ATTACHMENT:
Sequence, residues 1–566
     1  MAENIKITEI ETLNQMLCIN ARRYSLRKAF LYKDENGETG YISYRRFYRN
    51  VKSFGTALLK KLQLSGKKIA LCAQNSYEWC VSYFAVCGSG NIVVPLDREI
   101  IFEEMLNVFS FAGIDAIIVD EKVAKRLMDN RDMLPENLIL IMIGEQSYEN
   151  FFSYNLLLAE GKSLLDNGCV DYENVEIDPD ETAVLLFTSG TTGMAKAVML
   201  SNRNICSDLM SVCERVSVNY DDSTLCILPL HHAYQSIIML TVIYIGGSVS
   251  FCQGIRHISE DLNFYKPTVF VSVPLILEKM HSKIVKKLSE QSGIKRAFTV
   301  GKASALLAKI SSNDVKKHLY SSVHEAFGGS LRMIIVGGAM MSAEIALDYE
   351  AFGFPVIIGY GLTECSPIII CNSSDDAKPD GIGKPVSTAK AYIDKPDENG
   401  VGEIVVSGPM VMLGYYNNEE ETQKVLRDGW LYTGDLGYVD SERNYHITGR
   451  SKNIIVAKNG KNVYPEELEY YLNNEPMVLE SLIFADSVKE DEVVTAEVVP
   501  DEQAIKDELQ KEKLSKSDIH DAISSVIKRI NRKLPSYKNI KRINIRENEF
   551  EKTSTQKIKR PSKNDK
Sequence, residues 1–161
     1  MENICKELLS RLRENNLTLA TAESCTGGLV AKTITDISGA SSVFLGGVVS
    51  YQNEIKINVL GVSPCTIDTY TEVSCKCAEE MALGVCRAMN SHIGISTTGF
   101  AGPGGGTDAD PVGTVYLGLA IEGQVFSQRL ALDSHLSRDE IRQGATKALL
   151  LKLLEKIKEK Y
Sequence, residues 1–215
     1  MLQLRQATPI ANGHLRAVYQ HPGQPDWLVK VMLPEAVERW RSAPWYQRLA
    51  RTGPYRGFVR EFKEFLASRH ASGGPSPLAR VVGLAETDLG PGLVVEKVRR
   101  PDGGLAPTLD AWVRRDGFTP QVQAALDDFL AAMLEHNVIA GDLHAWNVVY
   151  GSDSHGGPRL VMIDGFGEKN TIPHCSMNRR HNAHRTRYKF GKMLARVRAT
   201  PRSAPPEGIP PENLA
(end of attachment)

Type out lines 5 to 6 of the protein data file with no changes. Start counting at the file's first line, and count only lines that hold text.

   151  FFSYNLLLAE GKSLLDNGCV DYENVEIDPD ETAVLLFTSG TTGMAKAVML
   201  SNRNICSDLM SVCERVSVNY DDSTLCILPL HHAYQSIIML TVIYIGGSVS